4 ways to be a disruptor for peace

Four peace fellows sit on steps outside the center
Rotary Peace Fellows at the Rotary Peace Center at Makerere University, Kampala, Uganda.

By Rebecca Crall, Areas of Focus Manager, Peacebuilding and Conflict Prevention

In a conversation recently with a group of professional peacebuilders, one of my colleagues (and a new Rotary member) surprised me when he referred to Rotary as a “disruptor for peace.” A disruptor for peace? That was something new and unexpected.

Disruption signals great change – change that’s happening fast. It often feels like it’s taking place at a dizzying pace, and it’s associated with chaos and displacement. It’s not something we often imagine wanting more of. But my colleague’s comment got me thinking of disrupting for good: using our platform as Rotary members to disrupt violence and create peace. Can we apply this idea to build a future where peace is our norm?

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Creating peace clubs in Nigerian schools

A women draws a cloud on a pink sheet of paper while several other people around a table watch
Participants of a workshop in Nigeria designed to prevent violent extremism among youth.

By Eyerusalem Azmeraw, Project Officer, UNESCO IICBA, and Pietro Uzochukwu Macleo, Chair of the Rotary Nigeria National Peacebuilding and Conflict Prevention Committee and Peace Chair for the Great Britain and Ireland – Nigeria Rotary Intercountry Committee

In February 2022, we joined together with other colleagues to organize a workshop in Nigeria on preventing violent extremism among young people. Conflict and violence have long been prevalent in the country, with youth recognized as having a role in preventing extremism. Our aim was to address violent extremism and its underlying causes among youth by strengthening the ability of teachers to deal with these issues.

Through a train-the-trainers model, we empowered learners to critically examine their beliefs, values, and knowledge in order to develop critical thinking. We relied on transformative pedagogy, a holistic educational approach that engages learners as whole persons in collaborative and participatory activities for peacebuilding. The approach creates a sense of interdependence and interconnectedness among people who are learning to live together.

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Stories from Santa

Bruce Templeton, a longtime member of the Rotary Club of St. John’s in Newfoundland and Labrador, has also been a member of the Santa Claus Hall of Fame since 2014. Geoffrey Johnson, senior editor at Rotary magazine, profiled Templeton for the magazine’s December issue. Here, in Templeton’s own words, are a few more stories from Santa’s gift bag.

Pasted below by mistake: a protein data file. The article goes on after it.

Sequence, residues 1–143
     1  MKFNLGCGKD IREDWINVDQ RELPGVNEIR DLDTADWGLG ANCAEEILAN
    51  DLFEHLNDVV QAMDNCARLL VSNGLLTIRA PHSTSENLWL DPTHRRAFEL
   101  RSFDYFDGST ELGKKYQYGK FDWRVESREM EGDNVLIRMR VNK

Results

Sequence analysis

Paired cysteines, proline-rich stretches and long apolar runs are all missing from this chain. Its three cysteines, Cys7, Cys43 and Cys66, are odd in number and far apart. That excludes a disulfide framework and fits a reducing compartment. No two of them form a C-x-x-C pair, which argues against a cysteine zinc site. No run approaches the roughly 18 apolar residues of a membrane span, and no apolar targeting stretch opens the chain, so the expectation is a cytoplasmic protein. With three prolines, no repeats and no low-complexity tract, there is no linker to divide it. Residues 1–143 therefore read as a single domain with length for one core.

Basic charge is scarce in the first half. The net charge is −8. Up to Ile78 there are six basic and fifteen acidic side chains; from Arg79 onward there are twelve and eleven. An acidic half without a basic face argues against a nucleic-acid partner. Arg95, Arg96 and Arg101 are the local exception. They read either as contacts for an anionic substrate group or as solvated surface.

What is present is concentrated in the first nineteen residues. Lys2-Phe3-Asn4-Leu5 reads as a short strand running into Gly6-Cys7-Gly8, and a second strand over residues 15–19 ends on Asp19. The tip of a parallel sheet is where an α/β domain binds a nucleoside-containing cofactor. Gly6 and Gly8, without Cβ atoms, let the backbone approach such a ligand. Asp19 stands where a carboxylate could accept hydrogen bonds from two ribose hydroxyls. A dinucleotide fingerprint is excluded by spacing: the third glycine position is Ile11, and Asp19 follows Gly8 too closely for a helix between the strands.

Templeton dressed up as Santa Claus examines himself in mirror.
Bruce Templeton, aka Santa, a member of the Rotary Club of St. John’s, Newfoundland, Canada, and the only living Canadian Santa in the International Santa Claus Hall of Fame.

In 1979 – when I was 34 – an aunt of mine, the head of crafts for our province, asked if I would appear as Santa at a child’s event. I told her I would think about it. I went to various places and looked at Santa suits. I didn’t like the looks of any of them, so I called her back and said “No.” And she said, “Bruce, if I make the suit, will you do it?” Well, you don’t turn down the director of crafts for your province. What arrived at my house were a suit made of velvet and lambswool, a beard made of real hair, and prescription glasses. It was absolutely flawless. And that was the beginning of my Santa journey.

When I started, I was acting as Santa. But over time, you become so comfortable in a room with children that you begin to believe that you are Santa. Your behavior changes. You’re aware that there are some very serious responsibilities that come with this. I grew into being Santa. It’s something that becomes a part of your life.

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Rotary Peace Fellowships impact thousands

Alejandra Rueda

By Alejandra Rueda, 2008-10 Rotary Peace Fellow, University of Berkeley

When I became a Rotary Peace Fellow in 2008, the presidential theme was Make Dreams Real. My dream was to support the Colombian countryside by improving the quality of life of farmers and, in turn, to achieve a more responsible use of nature and the ecosystem services it provides. I also wanted to help resolve the social conflict that Colombia has experienced. Or at the very least, to contribute to the development of projects that would spur economic and social recovery in areas that sorely needed it.

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Rotary members as provocateurs: building legacies in turbulent times

By Maiden R. Manzanal-Frank, 2015 Rotary Peace Fellow at Chulalongkorn University, Thailand

Portrait of Maiden Manzanal
Maiden Manzanal-Frank

The Rotary Peace Centers Program has truly transformed my life. After receiving a peace fellowship in 2015, my commitment to peace, human security, and development deepened further.

In my current role as a global impact advisor, I help organizations become more robust, sustainable, and effective in their missions. I draw upon two decades of work with social enterprises, rural women, cooperatives, home-based workers, farmers, artisans, health advocates, and local changemakers. Being based in Canada, I have made contact with all the Rotary clubs in Central Alberta, Edmonton, and Calgary (which I can reach within a few hours), regularly offering support and advice. I share my experiences as a Rotary Peace Fellow and promote the program every year.

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